As the D2 cleaner takes effect in the coming weeks, his monument will be a handsome reminder of a young man lost in his prime. It will give me something to talk to him about as I clean knotweed from the Woodbury Family Plot.
I have been cleaning around Gideon and Abigail Lane lately and there is a small tombstone behind them. It looked like a child’s monument, so I put a little action figure I found next to it. I decided to look into this little guy’s life and was quite surprised. This is what I found in Ancestry.
John E. Hoyt was born in Danvers on April 1, 1850 to Oliver Hoyt and Ellen F. Lane, the daughter of Gideon and Abigail. His dad was a peddler. John listed his occupation as a fisherman in 1870, but in subsequent years he worked as a laborer and a painter. He never married and lived with his widowed mother in later years. His brother, William Oliver Hoyt was a hairdresser in Gloucester.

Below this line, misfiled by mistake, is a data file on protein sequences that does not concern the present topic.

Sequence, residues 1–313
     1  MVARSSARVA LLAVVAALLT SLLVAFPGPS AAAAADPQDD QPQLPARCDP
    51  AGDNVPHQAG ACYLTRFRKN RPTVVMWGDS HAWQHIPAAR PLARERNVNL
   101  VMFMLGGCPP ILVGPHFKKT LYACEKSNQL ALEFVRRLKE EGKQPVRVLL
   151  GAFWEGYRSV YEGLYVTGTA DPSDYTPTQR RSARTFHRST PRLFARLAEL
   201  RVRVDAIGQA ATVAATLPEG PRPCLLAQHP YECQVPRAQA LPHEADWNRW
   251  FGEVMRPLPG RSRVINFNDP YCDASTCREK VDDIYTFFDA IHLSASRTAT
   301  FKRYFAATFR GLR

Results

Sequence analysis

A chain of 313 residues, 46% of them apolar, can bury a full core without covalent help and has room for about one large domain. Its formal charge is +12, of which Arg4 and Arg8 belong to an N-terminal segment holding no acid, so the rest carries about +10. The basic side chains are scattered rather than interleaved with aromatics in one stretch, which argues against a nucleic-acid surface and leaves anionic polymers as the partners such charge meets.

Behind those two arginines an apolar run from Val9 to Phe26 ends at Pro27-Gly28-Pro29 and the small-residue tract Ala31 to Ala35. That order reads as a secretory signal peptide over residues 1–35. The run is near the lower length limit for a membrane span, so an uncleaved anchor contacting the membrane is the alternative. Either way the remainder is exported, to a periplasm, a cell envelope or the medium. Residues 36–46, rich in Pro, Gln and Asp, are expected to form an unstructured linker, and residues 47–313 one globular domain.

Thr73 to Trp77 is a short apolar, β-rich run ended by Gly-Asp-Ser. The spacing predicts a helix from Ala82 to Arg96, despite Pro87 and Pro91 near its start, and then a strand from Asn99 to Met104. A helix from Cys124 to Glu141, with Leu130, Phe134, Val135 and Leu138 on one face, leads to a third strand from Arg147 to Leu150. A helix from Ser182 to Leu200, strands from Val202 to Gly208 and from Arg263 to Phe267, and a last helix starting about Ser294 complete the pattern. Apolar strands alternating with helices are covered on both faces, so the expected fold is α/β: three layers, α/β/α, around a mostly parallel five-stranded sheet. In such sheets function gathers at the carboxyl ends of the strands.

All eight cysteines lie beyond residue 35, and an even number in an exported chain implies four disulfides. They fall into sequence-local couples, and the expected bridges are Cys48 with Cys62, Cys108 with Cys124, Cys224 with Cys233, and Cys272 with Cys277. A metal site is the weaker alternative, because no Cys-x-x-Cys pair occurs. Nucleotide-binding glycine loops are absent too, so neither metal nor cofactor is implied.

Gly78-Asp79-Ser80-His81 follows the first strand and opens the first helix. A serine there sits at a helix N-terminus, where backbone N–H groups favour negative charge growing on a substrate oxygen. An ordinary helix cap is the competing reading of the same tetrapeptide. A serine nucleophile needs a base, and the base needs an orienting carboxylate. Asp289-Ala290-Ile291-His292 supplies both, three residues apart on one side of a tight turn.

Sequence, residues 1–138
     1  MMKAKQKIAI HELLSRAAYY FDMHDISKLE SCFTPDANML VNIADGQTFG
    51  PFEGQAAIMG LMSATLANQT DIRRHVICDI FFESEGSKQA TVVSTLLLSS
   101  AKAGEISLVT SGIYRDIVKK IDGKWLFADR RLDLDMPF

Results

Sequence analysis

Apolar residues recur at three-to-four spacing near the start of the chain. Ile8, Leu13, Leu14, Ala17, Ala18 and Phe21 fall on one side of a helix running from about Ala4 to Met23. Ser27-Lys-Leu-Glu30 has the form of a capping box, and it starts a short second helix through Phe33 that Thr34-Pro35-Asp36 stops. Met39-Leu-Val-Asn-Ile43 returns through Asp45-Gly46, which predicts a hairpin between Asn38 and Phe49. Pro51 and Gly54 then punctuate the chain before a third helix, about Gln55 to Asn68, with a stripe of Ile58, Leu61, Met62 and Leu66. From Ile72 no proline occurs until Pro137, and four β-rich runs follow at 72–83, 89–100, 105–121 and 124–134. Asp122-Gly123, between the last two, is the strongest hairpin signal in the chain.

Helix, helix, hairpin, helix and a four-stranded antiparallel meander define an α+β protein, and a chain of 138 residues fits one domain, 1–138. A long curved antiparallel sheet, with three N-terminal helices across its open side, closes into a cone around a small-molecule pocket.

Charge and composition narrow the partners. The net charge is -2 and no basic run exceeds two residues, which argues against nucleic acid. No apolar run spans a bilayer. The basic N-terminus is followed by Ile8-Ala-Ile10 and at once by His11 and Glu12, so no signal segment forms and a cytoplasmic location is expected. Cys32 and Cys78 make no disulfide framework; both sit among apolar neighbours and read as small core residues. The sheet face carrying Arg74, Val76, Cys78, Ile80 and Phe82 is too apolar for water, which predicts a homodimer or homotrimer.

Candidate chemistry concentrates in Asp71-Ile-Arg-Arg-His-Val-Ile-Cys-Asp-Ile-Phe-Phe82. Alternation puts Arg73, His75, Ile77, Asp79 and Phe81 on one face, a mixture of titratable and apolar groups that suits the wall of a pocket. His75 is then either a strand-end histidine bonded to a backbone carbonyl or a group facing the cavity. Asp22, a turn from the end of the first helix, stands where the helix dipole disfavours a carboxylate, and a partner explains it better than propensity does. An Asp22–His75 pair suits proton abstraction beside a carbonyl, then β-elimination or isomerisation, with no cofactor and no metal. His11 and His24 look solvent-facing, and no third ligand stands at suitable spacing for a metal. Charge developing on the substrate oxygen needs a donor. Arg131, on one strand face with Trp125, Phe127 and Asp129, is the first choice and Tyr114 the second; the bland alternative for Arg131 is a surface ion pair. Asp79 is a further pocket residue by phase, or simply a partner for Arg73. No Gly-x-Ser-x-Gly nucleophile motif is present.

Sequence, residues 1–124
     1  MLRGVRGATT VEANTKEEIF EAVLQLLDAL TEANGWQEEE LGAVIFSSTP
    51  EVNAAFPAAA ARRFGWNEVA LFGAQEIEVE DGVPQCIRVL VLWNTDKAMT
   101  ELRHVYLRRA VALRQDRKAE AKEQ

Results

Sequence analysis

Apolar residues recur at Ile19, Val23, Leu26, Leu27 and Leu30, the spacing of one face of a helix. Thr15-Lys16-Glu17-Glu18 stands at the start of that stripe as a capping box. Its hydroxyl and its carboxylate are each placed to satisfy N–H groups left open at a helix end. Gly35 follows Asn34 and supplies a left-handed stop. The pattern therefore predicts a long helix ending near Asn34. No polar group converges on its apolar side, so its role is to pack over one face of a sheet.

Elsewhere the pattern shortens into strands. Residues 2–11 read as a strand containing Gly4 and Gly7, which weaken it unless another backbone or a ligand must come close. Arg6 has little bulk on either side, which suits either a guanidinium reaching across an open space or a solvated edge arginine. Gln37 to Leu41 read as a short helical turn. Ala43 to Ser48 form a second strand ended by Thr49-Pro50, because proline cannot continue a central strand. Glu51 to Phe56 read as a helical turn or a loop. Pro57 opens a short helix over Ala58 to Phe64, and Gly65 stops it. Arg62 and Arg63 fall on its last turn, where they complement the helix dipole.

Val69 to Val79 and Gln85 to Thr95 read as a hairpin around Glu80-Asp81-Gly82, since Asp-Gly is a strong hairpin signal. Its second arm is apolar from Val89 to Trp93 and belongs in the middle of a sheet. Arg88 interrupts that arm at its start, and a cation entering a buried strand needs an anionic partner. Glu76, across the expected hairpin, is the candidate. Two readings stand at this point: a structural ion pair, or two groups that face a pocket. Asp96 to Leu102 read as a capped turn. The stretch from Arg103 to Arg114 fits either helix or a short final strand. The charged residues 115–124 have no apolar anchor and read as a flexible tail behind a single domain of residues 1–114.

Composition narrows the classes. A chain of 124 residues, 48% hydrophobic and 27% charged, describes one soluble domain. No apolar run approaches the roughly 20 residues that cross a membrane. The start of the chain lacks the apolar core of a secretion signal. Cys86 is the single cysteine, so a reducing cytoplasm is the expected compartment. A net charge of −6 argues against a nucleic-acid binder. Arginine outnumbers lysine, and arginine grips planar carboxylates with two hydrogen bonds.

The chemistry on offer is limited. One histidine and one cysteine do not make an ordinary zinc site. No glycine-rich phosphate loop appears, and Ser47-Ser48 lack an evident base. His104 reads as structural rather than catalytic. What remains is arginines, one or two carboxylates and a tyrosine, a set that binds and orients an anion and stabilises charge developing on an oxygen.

John died on January 21, 1892 – a full-grown man. The cause of death was pneumonia following la grippe.
The Veterans buried in Clark’s have been hidden for many years. Please take a few minutes to watch the Roll Call video.
Working in the cemetery is both demanding and rewarding. Fighting the Japanese Knotweed is tough. We’re making progress is this fight with this devil weed. The images below, while taken from different angles, are of the same location.
My main focus today was to make sure there are clear paths to all of the veteran headstones. As I was clearing the areas around the Civil and Spanish American war veterans headstones I was thinking about the outrage over the NFL events. It got me to wondering why there is no outrage about the lack of care and respect for the graves of veterans buried in Clark’s Cemetery.